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The Ultimate Guide to Understanding HTTP Status Codes

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Having a functional and appealing website is something every business owner should view as a priority. There are a variety of factors that go into keeping a website in good shape. Failing to provide a website with the care it needs can lead to it getting slow and unresponsive.

A recent study found that nearly 73 percent of online consumers have encountered a website that was too slow to load. Often times, this problem will lead to a website visitor leaving before you are able to provide them with information about your products or services.

One of the best tools you have when trying to diagnose underlying issues with your website is HTTP status codes. Generally, these codes pop up when there are website configuration errors present. Read below for more information about HTTP status codes.

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Some Background Information on HTTP Status Codes

Each time a person types in a URL address online, their browser sends a request to the corresponding web server. Once the server has received and processed this request, it will send back the HTTP header for the website in question.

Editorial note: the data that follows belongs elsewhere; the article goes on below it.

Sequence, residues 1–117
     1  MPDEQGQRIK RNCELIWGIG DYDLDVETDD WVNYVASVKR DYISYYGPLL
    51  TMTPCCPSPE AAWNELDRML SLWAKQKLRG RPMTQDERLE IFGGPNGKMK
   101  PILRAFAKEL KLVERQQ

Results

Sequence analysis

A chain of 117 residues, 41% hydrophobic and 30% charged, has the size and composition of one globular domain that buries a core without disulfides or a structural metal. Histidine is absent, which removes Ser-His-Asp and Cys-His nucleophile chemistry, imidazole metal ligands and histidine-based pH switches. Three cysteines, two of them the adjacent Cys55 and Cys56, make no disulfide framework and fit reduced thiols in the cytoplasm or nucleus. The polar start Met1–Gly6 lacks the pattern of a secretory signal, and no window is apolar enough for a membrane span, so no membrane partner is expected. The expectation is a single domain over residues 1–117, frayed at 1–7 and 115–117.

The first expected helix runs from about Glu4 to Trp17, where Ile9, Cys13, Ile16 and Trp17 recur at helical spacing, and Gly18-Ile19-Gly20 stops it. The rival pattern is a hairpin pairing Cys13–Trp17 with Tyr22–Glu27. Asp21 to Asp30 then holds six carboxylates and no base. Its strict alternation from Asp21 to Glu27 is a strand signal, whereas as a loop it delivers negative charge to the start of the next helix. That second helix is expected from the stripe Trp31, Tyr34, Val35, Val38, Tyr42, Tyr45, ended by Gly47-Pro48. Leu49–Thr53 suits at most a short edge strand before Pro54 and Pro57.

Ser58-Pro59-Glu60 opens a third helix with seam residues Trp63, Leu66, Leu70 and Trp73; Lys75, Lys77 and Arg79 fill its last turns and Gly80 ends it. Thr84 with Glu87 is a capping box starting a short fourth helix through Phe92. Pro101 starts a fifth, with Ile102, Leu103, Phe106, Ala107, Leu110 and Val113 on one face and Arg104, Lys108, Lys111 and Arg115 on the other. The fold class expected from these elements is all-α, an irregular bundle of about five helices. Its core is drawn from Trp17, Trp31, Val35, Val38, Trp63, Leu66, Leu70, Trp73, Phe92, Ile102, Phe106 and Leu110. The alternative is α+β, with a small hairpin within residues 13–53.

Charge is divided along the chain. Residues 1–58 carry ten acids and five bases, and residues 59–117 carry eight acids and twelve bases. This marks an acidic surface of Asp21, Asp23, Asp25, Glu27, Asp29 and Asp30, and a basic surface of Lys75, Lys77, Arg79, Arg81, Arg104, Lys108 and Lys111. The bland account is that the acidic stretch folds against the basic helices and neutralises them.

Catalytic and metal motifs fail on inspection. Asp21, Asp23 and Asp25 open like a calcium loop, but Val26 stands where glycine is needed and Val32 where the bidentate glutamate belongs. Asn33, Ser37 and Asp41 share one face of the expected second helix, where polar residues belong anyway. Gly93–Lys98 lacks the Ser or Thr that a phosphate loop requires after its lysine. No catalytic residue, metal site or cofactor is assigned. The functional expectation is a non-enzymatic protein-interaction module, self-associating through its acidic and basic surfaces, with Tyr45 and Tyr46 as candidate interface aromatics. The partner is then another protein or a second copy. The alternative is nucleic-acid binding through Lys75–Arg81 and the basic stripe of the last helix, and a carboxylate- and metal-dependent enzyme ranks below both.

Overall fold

For the most part, HTTP status codes will be found in the header section. Each time a server returns a request from a URL, HTTP status codes are generated. Most people don’t realize this because they don’t see these codes unless something has gone wrong. If you do see these codes displayed in your browser, there is a definite issue with the site.

Usually, there will be a brief explanation of the code in question. Some website developers retool their browsers to show the HTTP codes their computer normally hides. This allows them to get a better understanding of how a website works and what can be done to make it more reliable.

 

The 200 and 300 HTTP Status Codes

Now that you have an idea of what an HTTP code is, we can dive into more specific information about the codes you may see. The 200 series of HTTP codes are really nothing to worry about. These codes are generated just to show a user that they have been delivered to the website they requested successfully.